The cover story of this month's New Republic tells us what we can see with our own eyes—that people are waiting longer to have children. The average age of first-time mothers has increased by about four years since 1970, from 21.5 years to 25.4 and most American men are waiting to become fathers until roughly age 28 (as opposed to about 23 in the 1970s). What is surprising is how big an impact older parenthood will have on the next generation's genetic makeup.
Judith Shulevitz starts with her own experience trying to have her first child at age 37. She and her husband (in his mid forties) worked with a fertility specialist, finally conceiving after a minor surgery and the fertility drug Clomid. Her little boy seemed perfectly healthy until her pediatrician noticed fine motor delays. She took her son to a physical therapist, where she met more mothers, many of whom were older. She decided to look into it. What Shulevitz's research found is that both men and women need to think more carefully at their fertility age. Those who decide in their mid-thirties or later to have children often need to look to fertility treatments. A May article from the New England Journal of Medicine found that children born with the help of fertility treatments and drugs had an 8.3 percent rate of defects whereas babies born without them had a rate of only 5.8 percent.
It's common knowledge that an infant's risk of disability dramatically increases once mom is 35 and older, but the article also points to a study from earlier this year that linked the father's age to the 78 percent rise in autism over the last ten years. Researchers in Iceland have developed a new way of studying genomes and found that as men age, they're more likely to pass on de novo (spontaneous, non-inherited defects) to their children. Add that to the risk of error as sperm cells divide and other molecules from the environment attach to cause problems, and it's easy to see why parental age is a serious consideration. Because while women are born with all the eggs they'll ever have, men begin producing sperm during puberty and continue to produce sperm throughout their lives. Each time a sperm cell splits to create a new one, there's a greater chance of the genetic material copying incorrectly. This is maybe the biggest, most complicated part of older parenthood:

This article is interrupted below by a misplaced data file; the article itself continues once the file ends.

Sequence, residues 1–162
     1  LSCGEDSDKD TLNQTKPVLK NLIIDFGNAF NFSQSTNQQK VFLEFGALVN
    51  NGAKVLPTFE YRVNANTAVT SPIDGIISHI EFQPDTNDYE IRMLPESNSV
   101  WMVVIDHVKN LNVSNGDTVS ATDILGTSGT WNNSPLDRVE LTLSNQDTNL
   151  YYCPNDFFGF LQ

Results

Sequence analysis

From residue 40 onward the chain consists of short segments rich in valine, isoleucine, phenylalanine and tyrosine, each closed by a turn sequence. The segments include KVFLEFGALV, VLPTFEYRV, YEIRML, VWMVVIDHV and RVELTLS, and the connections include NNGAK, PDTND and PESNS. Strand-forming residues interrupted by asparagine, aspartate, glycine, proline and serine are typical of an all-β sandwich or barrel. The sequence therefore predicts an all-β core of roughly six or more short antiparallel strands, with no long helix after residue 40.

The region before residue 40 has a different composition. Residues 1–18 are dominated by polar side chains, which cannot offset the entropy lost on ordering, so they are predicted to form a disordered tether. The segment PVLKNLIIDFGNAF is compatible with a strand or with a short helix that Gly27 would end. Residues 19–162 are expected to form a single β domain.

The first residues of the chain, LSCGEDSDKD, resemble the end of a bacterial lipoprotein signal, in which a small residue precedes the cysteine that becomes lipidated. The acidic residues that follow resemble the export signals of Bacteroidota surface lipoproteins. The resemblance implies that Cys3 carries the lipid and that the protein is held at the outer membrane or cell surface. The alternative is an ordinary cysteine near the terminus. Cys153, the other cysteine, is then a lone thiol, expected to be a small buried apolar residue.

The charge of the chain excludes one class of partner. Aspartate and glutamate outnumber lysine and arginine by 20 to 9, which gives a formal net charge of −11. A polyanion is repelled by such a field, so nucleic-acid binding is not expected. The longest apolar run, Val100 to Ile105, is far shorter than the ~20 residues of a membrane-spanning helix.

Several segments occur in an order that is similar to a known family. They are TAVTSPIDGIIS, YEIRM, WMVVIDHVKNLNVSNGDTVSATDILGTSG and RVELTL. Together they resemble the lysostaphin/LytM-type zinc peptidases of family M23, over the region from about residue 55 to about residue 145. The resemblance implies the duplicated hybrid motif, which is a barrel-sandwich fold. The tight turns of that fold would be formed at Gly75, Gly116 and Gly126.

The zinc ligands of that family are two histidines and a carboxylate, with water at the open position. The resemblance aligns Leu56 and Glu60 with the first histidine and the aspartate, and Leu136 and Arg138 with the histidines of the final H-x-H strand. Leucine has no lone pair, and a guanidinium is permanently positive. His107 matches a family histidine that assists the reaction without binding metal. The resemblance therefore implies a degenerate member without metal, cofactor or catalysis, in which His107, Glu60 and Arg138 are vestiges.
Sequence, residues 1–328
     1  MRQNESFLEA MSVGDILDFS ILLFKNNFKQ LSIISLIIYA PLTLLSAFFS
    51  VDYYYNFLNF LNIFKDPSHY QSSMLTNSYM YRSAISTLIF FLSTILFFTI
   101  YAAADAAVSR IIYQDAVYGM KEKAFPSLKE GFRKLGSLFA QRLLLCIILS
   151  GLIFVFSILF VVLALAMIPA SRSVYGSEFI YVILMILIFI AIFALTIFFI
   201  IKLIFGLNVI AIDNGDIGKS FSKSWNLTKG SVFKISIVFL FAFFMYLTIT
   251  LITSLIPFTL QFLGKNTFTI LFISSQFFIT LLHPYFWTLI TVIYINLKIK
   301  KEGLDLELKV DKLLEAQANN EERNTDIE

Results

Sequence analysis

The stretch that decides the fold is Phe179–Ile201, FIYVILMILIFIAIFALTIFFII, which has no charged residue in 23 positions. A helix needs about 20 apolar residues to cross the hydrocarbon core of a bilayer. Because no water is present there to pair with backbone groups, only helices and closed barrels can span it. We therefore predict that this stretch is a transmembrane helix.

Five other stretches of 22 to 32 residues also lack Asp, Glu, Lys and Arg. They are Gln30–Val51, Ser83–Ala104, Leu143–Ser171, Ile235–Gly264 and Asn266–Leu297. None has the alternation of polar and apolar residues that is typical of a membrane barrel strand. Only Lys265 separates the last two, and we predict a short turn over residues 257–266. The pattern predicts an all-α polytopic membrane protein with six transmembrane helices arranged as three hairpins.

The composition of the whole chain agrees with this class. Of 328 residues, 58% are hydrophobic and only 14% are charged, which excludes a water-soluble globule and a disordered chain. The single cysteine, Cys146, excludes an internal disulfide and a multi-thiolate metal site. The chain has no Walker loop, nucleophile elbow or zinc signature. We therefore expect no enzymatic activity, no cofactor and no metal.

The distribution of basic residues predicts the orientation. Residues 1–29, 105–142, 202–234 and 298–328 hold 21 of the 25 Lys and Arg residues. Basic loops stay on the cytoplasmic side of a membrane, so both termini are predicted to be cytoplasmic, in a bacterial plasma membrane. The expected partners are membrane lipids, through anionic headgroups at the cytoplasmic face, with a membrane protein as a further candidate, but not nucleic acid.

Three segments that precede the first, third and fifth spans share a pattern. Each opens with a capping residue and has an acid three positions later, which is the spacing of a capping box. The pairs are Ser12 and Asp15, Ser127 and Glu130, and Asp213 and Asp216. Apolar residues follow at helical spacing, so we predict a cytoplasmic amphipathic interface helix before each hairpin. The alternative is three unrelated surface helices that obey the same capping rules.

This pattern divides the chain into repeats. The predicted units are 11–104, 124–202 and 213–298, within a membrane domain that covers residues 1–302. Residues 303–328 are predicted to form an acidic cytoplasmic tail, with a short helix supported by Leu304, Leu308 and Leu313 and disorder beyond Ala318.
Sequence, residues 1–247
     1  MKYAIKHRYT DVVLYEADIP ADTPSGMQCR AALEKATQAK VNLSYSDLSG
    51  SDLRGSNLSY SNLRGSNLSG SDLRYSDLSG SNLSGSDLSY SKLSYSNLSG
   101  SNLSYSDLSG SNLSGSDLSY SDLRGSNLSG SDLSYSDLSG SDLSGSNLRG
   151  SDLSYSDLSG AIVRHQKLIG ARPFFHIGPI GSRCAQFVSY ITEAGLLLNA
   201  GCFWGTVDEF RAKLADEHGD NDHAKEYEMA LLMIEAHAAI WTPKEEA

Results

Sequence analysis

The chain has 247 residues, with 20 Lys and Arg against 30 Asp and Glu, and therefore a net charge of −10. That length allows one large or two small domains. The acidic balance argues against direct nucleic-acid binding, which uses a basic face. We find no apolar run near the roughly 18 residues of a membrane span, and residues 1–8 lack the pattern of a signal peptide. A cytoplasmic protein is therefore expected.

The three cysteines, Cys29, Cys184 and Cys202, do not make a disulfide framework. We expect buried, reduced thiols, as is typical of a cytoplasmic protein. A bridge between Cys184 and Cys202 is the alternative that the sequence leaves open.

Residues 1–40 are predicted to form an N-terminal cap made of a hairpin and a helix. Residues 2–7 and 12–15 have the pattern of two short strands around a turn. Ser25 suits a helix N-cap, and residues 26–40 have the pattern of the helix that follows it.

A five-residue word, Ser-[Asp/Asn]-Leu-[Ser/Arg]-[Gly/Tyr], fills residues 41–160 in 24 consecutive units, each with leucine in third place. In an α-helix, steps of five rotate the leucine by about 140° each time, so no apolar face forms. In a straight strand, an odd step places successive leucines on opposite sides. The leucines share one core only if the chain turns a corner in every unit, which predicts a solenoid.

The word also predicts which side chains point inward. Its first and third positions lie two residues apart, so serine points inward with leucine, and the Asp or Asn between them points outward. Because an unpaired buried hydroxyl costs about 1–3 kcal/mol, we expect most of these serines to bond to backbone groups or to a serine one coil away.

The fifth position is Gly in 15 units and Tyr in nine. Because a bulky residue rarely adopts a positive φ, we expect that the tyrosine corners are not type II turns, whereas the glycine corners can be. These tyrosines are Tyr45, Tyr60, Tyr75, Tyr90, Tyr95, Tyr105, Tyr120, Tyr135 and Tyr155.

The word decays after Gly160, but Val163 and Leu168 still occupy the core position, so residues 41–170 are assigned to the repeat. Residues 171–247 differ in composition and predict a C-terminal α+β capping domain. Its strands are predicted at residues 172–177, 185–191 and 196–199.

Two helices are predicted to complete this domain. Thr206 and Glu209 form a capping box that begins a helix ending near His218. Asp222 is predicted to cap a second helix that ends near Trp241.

"Sociologists have devoted many man-hours to demonstrating that older parents are richer, smarter, and more loving, on the whole, than younger ones. And yet the tragic irony of epigenetics is that the same wised-up, more mature parents have had longer to absorb air-borne pollution, endocrine disruptors, pesticides, and herbicides."
So while more and more people are putting off starting their families to get their relationships and careers in order, it comes with a price: a higher risk of health issues like Down syndrome and cerebral palsy, and figuring out how to care for those children when the parents themselves may need more care because of advanced age. Even if people with children do live longer there's still the possibility they won't live long enough or be physically able to provide the care their needs.
Words: Desiree Browne